Warding off criminals with a personal alarm


There are noise alarms to protect vehicles, homes and business establishments; why not a noise alarm to protect people?

Allied Electronics of Hong Kong has answered that rather obvious question by making one, and it's now being marketed in the United States by Quorum International of Scottsdale, Ariz.

The device, called the Personal Attack Alarm or PAAL, measures 2 inches by 3 inches, about the size of a beeper. But a beeper was never this loud or this piercing. The sound level is 104 decibels, which is "about the same as a freight train whistle," said Ken Withrow of Fenix Enterprises, one of the distributors in the Dallas-Fort Worth area.

A person carrying a Personal Attack Alarm can activate it simply by pulling a pin. The alarm, which comes with a wrist strap and belt clip, also can be rigged to be set off inadvertently by an attacker, robber or purse-snatcher.

Once set off, the noise won't quit for two hours -- or until the pin is reinserted.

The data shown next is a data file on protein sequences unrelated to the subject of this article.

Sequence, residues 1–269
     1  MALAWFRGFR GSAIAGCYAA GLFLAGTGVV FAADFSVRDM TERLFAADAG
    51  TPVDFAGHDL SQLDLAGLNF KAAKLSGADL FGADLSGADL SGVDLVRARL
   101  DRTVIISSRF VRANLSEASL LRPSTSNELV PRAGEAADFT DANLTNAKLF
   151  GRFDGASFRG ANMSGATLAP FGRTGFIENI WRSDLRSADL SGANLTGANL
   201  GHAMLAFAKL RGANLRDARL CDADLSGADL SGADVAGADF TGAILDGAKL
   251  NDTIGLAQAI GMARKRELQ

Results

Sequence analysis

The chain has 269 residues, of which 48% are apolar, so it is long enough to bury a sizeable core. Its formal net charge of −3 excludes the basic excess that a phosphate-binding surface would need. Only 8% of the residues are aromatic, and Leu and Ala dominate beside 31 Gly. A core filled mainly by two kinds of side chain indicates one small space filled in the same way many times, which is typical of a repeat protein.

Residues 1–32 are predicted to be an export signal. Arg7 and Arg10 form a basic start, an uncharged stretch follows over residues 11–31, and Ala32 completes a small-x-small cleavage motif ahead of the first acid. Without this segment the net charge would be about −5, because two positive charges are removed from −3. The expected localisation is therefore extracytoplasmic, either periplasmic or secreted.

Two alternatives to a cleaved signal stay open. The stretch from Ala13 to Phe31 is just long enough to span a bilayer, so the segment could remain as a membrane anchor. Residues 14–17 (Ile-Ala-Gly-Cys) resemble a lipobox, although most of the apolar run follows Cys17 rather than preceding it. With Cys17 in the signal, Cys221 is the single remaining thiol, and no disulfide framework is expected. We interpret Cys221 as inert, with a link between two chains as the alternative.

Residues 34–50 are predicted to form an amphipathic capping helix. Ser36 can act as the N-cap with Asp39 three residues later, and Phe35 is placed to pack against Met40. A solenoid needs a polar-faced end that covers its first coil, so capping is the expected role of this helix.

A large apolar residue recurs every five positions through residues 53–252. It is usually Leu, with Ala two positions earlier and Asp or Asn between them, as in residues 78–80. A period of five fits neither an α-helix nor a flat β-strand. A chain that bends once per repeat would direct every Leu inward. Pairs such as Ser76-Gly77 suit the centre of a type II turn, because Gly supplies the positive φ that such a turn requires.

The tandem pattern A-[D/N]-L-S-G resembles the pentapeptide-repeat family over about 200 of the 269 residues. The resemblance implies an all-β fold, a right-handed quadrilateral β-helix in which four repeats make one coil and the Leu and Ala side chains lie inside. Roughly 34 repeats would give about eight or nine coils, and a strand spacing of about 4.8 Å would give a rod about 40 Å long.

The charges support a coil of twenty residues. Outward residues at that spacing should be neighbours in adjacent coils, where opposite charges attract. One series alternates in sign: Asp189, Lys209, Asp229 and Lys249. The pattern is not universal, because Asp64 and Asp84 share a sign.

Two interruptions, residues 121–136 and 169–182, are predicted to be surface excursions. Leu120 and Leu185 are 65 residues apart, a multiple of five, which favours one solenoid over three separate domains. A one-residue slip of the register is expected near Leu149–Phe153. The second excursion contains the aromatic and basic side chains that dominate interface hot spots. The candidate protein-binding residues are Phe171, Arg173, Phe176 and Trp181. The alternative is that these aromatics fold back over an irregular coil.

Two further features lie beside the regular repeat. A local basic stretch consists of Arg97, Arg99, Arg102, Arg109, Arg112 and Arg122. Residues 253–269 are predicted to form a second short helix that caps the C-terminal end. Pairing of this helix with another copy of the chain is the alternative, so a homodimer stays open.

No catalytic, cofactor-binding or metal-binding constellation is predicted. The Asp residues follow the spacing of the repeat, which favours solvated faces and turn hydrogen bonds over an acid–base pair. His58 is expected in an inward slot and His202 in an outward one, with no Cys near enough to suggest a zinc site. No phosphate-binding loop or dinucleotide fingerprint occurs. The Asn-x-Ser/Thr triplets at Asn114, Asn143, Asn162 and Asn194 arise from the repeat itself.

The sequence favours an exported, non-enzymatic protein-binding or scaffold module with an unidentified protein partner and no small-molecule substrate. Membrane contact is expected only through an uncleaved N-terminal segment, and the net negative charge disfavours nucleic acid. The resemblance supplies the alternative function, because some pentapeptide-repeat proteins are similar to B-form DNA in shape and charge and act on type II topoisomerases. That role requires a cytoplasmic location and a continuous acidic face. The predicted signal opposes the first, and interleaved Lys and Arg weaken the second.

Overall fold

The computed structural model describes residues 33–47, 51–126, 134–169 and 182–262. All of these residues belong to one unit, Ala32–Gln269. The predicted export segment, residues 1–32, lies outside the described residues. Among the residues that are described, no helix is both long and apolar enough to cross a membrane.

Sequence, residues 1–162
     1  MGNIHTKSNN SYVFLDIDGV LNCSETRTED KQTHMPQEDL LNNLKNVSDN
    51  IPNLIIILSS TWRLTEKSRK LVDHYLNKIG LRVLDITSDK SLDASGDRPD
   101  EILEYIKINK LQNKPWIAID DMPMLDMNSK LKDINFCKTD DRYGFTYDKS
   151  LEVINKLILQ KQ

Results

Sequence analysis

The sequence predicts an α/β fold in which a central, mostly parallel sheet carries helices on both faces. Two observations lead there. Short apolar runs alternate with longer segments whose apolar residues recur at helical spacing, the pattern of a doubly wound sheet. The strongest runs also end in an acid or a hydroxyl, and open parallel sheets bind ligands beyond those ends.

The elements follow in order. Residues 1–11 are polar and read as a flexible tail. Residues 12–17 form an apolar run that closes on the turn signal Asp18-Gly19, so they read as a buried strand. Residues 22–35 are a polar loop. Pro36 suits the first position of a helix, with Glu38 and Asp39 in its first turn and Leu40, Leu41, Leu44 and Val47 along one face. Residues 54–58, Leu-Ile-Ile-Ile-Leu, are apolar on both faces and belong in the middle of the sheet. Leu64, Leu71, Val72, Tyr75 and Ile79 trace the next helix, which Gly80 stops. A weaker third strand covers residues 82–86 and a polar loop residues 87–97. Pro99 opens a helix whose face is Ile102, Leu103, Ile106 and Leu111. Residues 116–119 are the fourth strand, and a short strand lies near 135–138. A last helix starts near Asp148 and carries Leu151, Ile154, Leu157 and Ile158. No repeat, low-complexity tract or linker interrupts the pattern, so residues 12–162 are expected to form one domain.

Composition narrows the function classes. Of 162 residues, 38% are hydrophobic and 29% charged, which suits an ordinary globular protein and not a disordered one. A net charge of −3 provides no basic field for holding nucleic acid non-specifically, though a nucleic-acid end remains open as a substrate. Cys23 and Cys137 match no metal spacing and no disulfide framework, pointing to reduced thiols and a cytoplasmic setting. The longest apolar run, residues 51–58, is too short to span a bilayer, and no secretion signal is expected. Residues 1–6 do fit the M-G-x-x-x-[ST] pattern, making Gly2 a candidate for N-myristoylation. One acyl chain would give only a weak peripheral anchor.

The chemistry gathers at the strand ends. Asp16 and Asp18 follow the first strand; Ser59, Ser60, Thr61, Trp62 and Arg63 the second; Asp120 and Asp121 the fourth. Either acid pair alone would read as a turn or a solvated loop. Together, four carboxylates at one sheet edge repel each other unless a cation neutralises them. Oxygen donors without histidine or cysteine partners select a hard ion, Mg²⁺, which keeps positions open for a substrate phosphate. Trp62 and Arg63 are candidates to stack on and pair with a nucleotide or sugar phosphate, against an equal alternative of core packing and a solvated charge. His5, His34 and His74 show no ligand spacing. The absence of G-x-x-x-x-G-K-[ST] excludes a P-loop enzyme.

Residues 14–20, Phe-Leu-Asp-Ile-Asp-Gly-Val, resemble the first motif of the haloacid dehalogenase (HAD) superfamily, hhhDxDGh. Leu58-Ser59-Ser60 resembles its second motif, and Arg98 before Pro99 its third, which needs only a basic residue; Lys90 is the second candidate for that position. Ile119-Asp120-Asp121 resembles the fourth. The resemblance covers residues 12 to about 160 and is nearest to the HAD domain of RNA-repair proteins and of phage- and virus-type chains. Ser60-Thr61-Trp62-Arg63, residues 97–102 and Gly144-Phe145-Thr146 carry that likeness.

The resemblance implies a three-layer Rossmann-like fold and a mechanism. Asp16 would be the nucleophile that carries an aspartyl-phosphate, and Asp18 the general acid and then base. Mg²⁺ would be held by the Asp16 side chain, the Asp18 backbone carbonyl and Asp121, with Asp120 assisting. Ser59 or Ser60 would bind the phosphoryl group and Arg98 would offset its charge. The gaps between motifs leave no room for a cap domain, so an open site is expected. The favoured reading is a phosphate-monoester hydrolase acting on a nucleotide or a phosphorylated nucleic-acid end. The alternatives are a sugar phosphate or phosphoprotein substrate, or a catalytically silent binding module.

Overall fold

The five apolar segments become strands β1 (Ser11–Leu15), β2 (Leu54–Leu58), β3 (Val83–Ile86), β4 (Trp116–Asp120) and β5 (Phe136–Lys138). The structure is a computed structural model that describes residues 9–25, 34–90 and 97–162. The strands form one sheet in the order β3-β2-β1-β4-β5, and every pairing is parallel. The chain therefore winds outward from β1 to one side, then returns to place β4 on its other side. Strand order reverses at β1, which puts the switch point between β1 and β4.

"A good thing about PAAL is that there's no moral decision or question of legality in the use of it as there can be with a gun or stun device or Mace," Mr. Withrow said.

"It just shocks him to the point that he's no longer in control, creates a diversion and brings help."

Of course, there's never a guarantee that any kind of defensive response will deter an attacker, and for that reason law enforcement agencies tend not to endorse personal protective devices, Mr. Withrow said.

Mr. Withrow noted that the noise device can be helpful to the disabled and to elderly people who live alone as well as to attack victims.

Retail price for the basic black PAAL is $29. A yellow sports model is $32, one dollar of which goes to the Special Olympics. Both models take a 9-volt battery.

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